Governor Hutchinson said today he’ll be ending his daily coronavirus update with a report Friday from Mena.
Afterwards, there will be weekly updates or “as needed.” The first weekly briefing will be on Tuesday. He said the briefings have been a useful tool, but the Health Department website has the information readily accessible.
He said the briefings have addressed many important issues and an information “infrastructure” had been built. He didn’t mention that the briefings sometimes ranged farther afield to political questions that the governor wasn’t always wholly pleased to hear. Today, for example, he was asked several times about Donald Trump’s admission that he knew early about dangers of the virus and intentionally downplayed it. Hutchinson defended Trump, as he usually does.
The daily COVID-19 count
Arkansas added 398 new cases of COVID-19 in the last 24 hours, for a total of 66,804. Hospitalizations dropped by 19 to 392. Deaths rose by 12 to 940. Active cases: 5,196.
The top counties for new cases in the last 24 hours: Pulaski, 72; Washington, 37; Jefferson, 33, and Craighead with more than 20.
PCR tests (on which the official state tally is based) in the last 24 hours: 4,900
Antigen tests (quicker and reliable as to positive findings, but not included in the state total) in the last 24 hours: 70 positive in 430 tests.
The governor said low case counts in the last few days were encouraging. It might indicate people are taking health practices seriously and contact tracing and testing have been strong. “I still would like to see the numbers decline more obviously.”
Other topics and Q&A
Deputy Education Commissioner Ivy Pfeffer said two more school districts have had to alter in-person schooling because of virus issues — Fordyce has a third-grade class working virtually this week and Tuckerman High School is going to remote learning through Sept. 21.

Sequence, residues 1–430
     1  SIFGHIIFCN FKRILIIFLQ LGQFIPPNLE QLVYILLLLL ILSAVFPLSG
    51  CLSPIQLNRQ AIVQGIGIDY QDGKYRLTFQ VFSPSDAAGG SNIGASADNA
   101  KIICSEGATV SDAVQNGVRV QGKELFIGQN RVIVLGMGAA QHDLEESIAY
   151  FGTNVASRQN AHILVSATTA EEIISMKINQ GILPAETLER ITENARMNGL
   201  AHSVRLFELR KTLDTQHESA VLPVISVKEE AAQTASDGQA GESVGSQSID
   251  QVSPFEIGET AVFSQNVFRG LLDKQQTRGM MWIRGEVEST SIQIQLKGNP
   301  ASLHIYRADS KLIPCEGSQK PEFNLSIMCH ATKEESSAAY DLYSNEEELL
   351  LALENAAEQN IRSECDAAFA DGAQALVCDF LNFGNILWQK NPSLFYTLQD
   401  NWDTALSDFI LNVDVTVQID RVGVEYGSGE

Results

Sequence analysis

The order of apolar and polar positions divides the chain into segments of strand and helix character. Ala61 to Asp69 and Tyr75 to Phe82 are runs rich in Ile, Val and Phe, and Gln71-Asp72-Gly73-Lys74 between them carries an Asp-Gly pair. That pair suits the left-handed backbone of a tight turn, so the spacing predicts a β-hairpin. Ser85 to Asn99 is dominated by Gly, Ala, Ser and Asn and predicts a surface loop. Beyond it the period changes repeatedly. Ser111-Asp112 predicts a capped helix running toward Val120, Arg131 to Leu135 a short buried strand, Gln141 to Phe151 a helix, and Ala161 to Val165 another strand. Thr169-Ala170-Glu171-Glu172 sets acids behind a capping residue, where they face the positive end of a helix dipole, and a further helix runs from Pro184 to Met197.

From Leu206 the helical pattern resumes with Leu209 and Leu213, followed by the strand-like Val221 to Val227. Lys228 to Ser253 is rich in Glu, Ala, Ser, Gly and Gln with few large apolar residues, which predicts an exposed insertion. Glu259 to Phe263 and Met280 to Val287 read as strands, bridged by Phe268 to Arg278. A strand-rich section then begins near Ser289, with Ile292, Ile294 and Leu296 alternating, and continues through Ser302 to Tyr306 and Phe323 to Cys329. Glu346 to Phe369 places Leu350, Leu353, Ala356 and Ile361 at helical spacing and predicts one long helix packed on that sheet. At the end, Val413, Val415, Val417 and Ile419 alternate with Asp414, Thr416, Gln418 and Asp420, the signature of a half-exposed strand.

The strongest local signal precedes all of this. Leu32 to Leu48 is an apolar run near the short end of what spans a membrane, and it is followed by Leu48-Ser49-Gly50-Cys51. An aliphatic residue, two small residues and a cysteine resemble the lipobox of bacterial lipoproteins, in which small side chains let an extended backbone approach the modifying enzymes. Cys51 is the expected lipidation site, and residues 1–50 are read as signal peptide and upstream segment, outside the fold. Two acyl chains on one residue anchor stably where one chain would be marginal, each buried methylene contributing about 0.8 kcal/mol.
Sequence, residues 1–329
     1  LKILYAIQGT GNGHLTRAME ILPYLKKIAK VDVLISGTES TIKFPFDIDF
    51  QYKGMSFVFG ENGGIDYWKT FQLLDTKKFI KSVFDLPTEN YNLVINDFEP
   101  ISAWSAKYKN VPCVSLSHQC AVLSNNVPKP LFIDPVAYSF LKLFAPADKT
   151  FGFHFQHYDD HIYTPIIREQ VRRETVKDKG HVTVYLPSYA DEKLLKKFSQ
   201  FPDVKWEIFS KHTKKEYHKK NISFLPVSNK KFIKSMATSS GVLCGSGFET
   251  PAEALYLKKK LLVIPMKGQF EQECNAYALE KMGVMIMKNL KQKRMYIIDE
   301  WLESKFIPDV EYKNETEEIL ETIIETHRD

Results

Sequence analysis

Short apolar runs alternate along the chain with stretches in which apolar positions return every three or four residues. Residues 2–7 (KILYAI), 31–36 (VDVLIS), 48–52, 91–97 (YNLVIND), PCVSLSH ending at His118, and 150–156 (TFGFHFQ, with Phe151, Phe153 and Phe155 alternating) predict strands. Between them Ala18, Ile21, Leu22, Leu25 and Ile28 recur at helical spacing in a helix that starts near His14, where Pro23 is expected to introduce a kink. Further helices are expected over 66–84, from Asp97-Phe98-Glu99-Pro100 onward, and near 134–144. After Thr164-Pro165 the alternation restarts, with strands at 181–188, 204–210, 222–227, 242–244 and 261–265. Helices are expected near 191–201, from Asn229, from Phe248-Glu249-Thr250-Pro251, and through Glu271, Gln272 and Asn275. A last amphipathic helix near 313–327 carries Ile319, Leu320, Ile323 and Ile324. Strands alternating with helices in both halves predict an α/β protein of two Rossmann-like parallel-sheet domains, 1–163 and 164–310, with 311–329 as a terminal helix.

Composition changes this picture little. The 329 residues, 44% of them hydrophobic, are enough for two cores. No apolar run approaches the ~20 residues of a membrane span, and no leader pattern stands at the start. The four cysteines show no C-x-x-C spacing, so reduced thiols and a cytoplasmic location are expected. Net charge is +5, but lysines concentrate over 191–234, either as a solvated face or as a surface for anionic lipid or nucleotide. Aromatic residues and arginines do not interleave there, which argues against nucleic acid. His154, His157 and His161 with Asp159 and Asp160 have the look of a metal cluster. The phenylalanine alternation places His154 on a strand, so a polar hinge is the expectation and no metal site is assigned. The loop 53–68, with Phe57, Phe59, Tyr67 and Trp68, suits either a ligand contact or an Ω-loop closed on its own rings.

Hutchinson was asked about the failure of the Senate to approve reduced COVID relief legislation. And he was asked whether he was concerned that Donald Trump had intentionally downplayed the virus risk.
He said he’d always been skeptical a deal could be reached before the Nov. 3 election. He said the state budget was in good shape, with an unallocated surplus and good tax revenue stream. The most urgent need, he said, is a time extension for the expenditure of already available federal money.
Trump’s interviews with Bob Woodward? “I don’t think anybody is surprised by the fact that he tried to encourage the economy. He tried to minimize some of this virus and its impact. That’s clear from many different public statements.”
But he said it was important to note the public was very well-informed. People like Dr. Anthony Fauci told the public about dangers (at least before Trump muzzled him.)
He said it was important for a leader to be honest, but also not to create panic. He said some early reporting covered topics — such as potential hospital demand — that proved inaccurate and emphasizing those things could have caused undue concern.
Was he ever told to play down the virus by Trump or Mike Pence? He said he had not been. “There’s never been any minimizing of it.” He said what Trump says was in “his unique style.”
A reporter complained about inconsistent reporting of cases by school districts. Health Director Jose Romero said the agency’s experience on communication with school districts had been good. The governor, too, said he believed the information was flowing in.
Has contact tracing improved? It had been marked in early days by difficulties in making contact with people. The Health Department said 600 tracers are working, so contact time is shrinking. And there’s been improvement in people supplying contact information.